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    Amy
  Mon Nov 25, 2013 12:07 pm
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So often it's the plot of a role playing game: the evil overlord, because they are evil, has created the Ultimate Weapon and is going to destroy the world with it. Despite having the technology to do this the rest of the world lives in relative dark ages – a world of farm hands and straw houses. Regardless of this apparent inability to fight back, the evil overlord feels need to create a weapon so powerful that it will only end in one thing: the destruction of the whole world.

This is not how history has worked thus far. We ended up at the atom bomb, but got there because we had other weapons we needed to defend ourselves against. Not to put anyone off having a mad evil overlord destroy the world in their games, I nonetheless want to discuss how we ourselves ended up with such weapons and what it could mean for an interesting backstory.

For the first few centuries – millenia even – there was very little military progress. Yes, we moved from spear heads made of rock to spear heads made of metal, and then proceeded to turn these into swords, but relatively speaking for much of the human age we have been slow to produce better weaponry. This all changed in the 18th century. After the invention of the rifle, we then had the flint-lock rifle – a much better gun than that which required a match to be lit in order to fire. Guns became central to all of the big wars, the first biggie being the French revolution. Napoleon was educated at a Lyvee in the art of artillery: big guns. A big user of grape shot (a great load of shrapnel in a cannon, working like a nail bomb) he made guns big, and to combat this, the other nations around France did the same. Eventually guns became ubiquitous and the main bulk of each of the big armies was made up of columns of riflemen.

When each army became the same, we reached what we call an “arms race”. The British started wearing green to camouflage themselves, so the French followed suit. One nation invented the machine gun: another followed up with a better machine gun. Artillery was countered with bigger artillery. Mass lines of troops countered with machine guns. Machine guns countered with barricades and battlements. Fortifications countered with tanks. Tanks countered with anti-tank guns. Anti-tank guns countered with air bombers. Air bombers countered with anti-aircraft guns. And, ultimately, everything countered with the atom bomb.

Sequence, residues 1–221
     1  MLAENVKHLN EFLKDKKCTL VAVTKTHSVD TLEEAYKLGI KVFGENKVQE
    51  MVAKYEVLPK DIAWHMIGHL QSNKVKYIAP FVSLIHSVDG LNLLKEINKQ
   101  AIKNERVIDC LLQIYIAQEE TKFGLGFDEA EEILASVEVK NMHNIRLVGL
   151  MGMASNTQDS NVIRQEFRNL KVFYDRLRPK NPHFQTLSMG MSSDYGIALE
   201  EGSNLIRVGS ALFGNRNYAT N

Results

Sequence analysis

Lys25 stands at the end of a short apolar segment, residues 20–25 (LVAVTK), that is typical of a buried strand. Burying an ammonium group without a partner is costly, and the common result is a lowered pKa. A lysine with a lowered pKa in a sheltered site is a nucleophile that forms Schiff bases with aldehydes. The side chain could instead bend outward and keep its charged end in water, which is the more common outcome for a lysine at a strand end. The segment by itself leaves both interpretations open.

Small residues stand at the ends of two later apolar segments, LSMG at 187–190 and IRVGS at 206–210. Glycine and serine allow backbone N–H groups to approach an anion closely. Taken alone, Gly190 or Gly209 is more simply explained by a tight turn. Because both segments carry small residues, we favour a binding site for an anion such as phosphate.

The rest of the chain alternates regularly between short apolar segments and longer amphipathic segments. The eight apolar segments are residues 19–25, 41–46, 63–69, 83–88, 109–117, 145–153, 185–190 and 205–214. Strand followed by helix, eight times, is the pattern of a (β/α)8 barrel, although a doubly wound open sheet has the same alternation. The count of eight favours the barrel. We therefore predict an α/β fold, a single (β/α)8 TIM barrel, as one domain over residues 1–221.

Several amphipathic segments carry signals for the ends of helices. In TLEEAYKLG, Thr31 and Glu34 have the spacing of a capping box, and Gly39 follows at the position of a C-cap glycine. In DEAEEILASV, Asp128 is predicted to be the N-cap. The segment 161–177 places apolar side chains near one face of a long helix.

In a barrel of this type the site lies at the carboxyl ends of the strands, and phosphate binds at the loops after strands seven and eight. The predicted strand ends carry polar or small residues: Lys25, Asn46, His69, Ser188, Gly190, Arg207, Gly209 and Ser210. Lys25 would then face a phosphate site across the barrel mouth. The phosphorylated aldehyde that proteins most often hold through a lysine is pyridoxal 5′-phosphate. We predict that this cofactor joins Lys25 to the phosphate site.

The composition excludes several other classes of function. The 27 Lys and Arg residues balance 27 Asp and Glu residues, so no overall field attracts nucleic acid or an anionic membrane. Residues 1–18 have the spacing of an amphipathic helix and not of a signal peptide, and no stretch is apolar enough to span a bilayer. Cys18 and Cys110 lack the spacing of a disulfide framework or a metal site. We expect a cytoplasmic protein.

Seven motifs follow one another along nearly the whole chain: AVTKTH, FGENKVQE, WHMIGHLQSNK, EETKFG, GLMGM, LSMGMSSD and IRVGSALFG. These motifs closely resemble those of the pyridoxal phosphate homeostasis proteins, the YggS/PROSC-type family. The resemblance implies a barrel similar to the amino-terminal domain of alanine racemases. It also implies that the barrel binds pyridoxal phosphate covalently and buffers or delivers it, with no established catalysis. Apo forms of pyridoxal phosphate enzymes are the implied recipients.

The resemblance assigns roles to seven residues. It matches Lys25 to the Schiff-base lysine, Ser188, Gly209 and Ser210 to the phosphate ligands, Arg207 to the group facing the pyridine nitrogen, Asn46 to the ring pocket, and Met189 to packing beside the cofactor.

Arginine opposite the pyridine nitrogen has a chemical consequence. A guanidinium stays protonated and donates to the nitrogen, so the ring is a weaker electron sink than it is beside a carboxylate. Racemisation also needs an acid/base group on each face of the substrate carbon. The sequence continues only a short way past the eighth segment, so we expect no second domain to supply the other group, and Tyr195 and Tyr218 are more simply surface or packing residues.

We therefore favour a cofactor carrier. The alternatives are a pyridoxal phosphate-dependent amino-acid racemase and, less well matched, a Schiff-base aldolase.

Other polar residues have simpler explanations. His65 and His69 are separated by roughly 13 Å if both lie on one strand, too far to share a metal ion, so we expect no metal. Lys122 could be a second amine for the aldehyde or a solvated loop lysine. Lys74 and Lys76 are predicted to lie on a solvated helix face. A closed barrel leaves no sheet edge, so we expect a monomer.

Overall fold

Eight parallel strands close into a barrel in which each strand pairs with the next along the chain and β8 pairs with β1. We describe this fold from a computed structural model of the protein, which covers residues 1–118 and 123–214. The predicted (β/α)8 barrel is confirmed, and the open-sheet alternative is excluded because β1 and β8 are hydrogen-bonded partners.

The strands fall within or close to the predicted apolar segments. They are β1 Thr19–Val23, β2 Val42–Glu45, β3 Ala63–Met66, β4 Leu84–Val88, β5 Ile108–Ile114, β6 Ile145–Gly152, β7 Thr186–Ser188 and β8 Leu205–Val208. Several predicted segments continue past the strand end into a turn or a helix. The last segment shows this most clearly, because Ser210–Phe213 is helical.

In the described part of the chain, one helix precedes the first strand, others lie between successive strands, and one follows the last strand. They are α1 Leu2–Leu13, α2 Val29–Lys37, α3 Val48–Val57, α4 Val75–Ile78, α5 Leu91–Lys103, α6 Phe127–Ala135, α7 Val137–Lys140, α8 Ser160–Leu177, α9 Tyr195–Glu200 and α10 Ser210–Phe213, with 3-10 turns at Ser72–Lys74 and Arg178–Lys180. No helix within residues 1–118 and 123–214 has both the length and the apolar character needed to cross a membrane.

Throughout all of the ways the simplest winner was always going to be the better equipped one (be that equipped by technology, brainpower, or luck). To counter this countries always had to become better than their partner. America didn't invent the atom bomb on a whim: it had to, to counter the bombs being sent it's way beforehand. It was a deterrent (although, unfortunately, used twice at Nagasaki and Hiroshima). America had atom bombs, so Russia followed suit. America had several so Russia needed several more. Eventually this stockpiling lead to us having enough to wipe out the entire planet if we wanted to. It happened gradually, not all in one go.

An interesting villain might be one who creates a doomsday device because they're bored. A much more believable villain is one who has access to doomsday devices that have been built up over centuries of fighting, especially when the enemy is perfectly within their abilities to counter it with another doomsday device of their own.

It is unlikely that anybody would have happened upon an atom bomb in the middle of 1066 Hastings. Neither side needed them, and if they had access to machine guns they would have used those instead. Necessity is the mother of invention, that's true, but even more-so, needlessness is the mother of mundanity. We didn't need a doomsday device, so instead we settled on a Domesday book. (Ho, ho, ho.)


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